Tagalog and Filipino
Relationship between Tagalog and Filipino
Tagalog and Filipino are both languages of the Philippines. Many Filipinos and people familiar with the Filipino culture know and accept that. However, what confuses many people including Philippine natives is identifying what makes Filipino and Tagalog the same or different.
When speaking about the Philippine national language, Filipinos often refer to it as either Filipino or Tagalog. Many use the terms Tagalog and Filipino interchangeably, but when someone asks them if these two words are exactly the same, the seemingly easy question receives a hesitant answer.
Answering whether Tagalog and Filipino are the same or different is in fact a very difficult question. It can’t be answer with a simple yes or no. The short answer is that it’s complicated.
Understanding the relationship between Tagalog and Filipino requires some knowledge of Philippine history…
(But if you want a simple answer, scroll down to the heading “Tagalog and Filipino Today”. However, know that the answer you receive will not make you truly understand nor appreciate the relationship between Filipino and Tagalog.)
IIf you read this article fully, you will gain an understanding and appreciation of these Philippine languages that many do not have. And you can be that guy or gal at the next Filipino party that’s full of fun, interesting facts!
Evolution from Tagalog to Filipino
Spaniards realized that Philippines has many different languages
The Spaniards arrived in the Philippines in the 1500s and marked the beginning of almost 400 years of colonization. You should be thinking, “That’s a long time!”, and indeed it is. The Spanish influence can still be felt in the Philippines today especially in its cities, and the Philippines has been coined “the Latin of Asia.”
As the Spaniards explored different parts of the Philippines, they realized that many different ethnic groups resided throughout the archipelago. Philippines has A LOT of ethnic groups, and they spoke their own language.
Imagine being the Spaniard in charge of colonizing this archipelago, and you just learned one Philippine language and felt so proud of yourself, until you realized that you have to learn one more and another one and another one. The Spaniards knew that in order to assimilate the natives into Spanish doctrines, they needed to communicate with the Filipinos in one common language. Can you guess what that language is? If you guessed Spanish, then “muy bien.” The Spanish government established schools and taught Spanish to the natives. Soon enough, Spanish became the lingua franca of the land.
United States Colonization
Proposal of a National Language
Philippine natives never fully accepted being ruled by a colonial power. Do you want to be ruled by a grandma, who’s not even your grandma, who also does not look like you nor speak the same language as you? So the natives were ecstatic when they thought they would finally become a free people. However, the “Spanish-American War” in 1898, the least bloodiest way in history, did not grant Philippine natives freedom, but only replaced Spain with the United States as the new colonial power in the Philippines.
As the new imperial power, the United States immediately began sending teachers to the Philippines. They not only brought with them the American education system but made sure that the natives learned English.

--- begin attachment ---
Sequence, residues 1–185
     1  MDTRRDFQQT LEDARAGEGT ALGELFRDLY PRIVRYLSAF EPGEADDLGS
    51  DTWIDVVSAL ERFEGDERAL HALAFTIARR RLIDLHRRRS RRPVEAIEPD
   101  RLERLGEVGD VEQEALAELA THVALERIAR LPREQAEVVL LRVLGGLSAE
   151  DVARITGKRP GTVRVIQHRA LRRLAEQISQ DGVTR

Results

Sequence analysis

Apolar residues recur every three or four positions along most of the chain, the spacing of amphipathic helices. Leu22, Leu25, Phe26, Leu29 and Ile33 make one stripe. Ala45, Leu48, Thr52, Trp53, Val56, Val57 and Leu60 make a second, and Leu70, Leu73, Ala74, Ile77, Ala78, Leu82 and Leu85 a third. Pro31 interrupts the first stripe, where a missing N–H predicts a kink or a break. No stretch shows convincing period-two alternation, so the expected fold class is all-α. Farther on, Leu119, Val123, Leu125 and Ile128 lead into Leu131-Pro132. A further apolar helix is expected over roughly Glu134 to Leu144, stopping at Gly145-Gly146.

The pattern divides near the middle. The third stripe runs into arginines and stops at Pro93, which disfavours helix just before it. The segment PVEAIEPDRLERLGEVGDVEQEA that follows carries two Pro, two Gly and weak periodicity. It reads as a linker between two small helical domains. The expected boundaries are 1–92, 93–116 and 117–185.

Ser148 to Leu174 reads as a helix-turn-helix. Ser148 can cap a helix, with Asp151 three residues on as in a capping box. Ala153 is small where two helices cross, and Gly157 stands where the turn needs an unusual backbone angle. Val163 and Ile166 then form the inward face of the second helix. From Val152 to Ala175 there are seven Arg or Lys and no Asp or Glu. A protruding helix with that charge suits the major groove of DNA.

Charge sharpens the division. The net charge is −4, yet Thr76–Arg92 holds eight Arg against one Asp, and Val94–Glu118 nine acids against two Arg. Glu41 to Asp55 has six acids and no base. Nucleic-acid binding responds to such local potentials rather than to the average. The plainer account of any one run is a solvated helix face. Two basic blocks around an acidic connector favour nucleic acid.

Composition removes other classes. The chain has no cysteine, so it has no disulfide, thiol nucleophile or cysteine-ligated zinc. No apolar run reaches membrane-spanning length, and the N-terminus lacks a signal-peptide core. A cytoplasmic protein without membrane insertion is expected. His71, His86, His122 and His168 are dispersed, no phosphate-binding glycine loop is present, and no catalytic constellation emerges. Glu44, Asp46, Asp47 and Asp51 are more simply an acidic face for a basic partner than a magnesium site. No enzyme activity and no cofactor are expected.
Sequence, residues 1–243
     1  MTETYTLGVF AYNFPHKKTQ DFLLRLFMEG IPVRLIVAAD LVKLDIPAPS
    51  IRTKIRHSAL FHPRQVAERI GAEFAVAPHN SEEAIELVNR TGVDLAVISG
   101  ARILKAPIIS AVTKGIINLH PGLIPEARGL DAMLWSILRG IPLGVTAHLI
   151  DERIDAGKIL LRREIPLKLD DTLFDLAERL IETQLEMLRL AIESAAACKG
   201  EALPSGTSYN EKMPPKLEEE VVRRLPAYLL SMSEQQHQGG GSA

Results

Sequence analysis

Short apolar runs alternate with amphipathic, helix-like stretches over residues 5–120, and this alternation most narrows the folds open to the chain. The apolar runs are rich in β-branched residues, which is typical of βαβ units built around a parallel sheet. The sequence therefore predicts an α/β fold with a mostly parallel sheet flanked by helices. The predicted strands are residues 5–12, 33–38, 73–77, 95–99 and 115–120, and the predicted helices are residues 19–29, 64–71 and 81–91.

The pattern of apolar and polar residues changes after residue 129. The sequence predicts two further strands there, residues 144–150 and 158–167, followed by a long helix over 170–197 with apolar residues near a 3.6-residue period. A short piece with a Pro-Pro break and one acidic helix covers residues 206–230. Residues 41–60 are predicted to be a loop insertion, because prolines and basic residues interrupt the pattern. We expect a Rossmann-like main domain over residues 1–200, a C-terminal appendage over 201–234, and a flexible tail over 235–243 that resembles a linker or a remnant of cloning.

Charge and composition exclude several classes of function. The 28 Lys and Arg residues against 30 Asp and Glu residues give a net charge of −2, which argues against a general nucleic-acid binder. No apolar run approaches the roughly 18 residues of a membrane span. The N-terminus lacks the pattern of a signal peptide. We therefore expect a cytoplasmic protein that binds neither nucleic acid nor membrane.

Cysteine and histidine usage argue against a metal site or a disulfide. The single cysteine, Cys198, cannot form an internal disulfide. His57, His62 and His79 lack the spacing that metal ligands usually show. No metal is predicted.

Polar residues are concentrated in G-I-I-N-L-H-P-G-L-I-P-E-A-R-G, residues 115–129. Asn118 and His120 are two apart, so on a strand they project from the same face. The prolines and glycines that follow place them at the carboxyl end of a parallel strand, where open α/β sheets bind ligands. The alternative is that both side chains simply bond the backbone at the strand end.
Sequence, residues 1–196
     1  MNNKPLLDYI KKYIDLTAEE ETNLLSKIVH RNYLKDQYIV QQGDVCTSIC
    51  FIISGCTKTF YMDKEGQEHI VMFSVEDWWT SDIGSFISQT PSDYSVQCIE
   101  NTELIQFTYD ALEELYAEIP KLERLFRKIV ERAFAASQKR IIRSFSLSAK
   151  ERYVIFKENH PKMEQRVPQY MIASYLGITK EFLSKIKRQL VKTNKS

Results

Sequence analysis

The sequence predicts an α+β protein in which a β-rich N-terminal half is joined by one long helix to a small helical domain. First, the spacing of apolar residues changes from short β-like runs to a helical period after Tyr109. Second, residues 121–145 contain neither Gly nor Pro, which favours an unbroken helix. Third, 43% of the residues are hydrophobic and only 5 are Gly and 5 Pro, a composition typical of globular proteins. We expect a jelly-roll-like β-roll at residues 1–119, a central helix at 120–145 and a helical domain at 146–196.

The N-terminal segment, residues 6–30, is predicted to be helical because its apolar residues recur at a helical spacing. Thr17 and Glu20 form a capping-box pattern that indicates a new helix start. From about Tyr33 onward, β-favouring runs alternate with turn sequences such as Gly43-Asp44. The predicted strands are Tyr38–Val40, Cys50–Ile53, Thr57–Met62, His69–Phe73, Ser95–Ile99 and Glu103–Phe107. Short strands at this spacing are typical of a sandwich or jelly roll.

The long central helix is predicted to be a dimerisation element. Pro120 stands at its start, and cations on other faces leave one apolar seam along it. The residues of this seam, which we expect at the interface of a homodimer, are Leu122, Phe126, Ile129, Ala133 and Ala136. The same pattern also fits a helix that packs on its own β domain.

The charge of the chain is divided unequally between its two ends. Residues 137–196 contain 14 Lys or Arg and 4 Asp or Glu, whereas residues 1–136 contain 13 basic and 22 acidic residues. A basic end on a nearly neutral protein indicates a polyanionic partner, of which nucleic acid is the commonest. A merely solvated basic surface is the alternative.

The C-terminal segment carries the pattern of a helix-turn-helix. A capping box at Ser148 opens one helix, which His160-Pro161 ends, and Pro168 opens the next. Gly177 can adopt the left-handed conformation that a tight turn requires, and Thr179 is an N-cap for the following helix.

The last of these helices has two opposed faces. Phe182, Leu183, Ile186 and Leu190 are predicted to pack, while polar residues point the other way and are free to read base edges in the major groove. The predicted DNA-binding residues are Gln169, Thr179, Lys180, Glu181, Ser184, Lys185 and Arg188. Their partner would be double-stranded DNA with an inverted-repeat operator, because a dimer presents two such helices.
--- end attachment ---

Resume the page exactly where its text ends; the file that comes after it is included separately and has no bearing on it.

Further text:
However, the people of the Philippine archipelago remained dissatisfied with American colonization and continued to seek freedom. The United States then promised it would grant Philippines independence, and during the transitional period, the Philippine Commonwealth was established in 1935. It was in the same year that the Philippine Assembly proposed a national language based on one of the existing native Philippine languages.
Proposal for Tagalog to be the National Language
Two years later, the Institute of National Language recommended that Tagalog be the basis for the Philippine national language. Tagalog was one of the major native languages and was also the language spoken in Manila, the capital. (See Filipino Language to learn more why Tagalog was chosen as the native language.)
Tagalog became Pilipino
At last, Philippine independence from the United States was recognized in 1946. Debate on the national language was still ongoing because opposition from other regions where native did not speak Tagalog remained strong. In order to appease the non-Tagalog speakers, they renamed it “Pilipino” in the 1950s. The goal was to separate it from the taint of Tagalog and make it feel more like a national language.
Renaming of Pilipino to Filipino
By 1987, “Filipino” replaced “Pilipino” and became the official language of the Philippines. The one letter change from “p” to “f” marked a significant shift from the Tagalog abakada to the Filipino alphabet, a 28-letter alphabet that is still used today.
Tagalog and Filipino Today
The Tagalog and Filipino of today are essentially the same thing and are used interchangeably. The difference between the two is the story of their beginnings. The Filipino language resulted from Tagalog’s evolution, from being primarily an Austronesian language to what is now a hybrid of Malayo-Polynesian, Spanish, and English.
But as you’ve now learned, one must be careful in answering whether Tagalog and Filipino are the same or different, without understanding the context of how the Filipino language has evolved over the years. An oversimplistic answer without the understanding undermines the once impossible dream, the struggle and the conscientious effort to create Filipino, a national language to represent all Filipinos regardless of where they live and work in the world.